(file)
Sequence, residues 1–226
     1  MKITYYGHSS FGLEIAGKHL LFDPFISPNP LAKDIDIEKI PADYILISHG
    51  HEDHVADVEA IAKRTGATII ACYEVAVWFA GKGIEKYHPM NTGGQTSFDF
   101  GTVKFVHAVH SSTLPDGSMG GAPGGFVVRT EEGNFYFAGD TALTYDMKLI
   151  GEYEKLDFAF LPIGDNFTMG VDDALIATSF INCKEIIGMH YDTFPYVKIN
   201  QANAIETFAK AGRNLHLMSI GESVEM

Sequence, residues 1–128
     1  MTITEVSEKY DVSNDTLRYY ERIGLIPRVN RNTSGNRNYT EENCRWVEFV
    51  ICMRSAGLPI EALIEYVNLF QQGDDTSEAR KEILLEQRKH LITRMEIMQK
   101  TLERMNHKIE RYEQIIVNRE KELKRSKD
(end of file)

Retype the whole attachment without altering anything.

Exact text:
Sequence, residues 1–226
     1  MKITYYGHSS FGLEIAGKHL LFDPFISPNP LAKDIDIEKI PADYILISHG
    51  HEDHVADVEA IAKRTGATII ACYEVAVWFA GKGIEKYHPM NTGGQTSFDF
   101  GTVKFVHAVH SSTLPDGSMG GAPGGFVVRT EEGNFYFAGD TALTYDMKLI
   151  GEYEKLDFAF LPIGDNFTMG VDDALIATSF INCKEIIGMH YDTFPYVKIN
   201  QANAIETFAK AGRNLHLMSI GESVEM

Sequence, residues 1–128
     1  MTITEVSEKY DVSNDTLRYY ERIGLIPRVN RNTSGNRNYT EENCRWVEFV
    51  ICMRSAGLPI EALIEYVNLF QQGDDTSEAR KEILLEQRKH LITRMEIMQK
   101  TLERMNHKIE RYEQIIVNRE KELKRSKD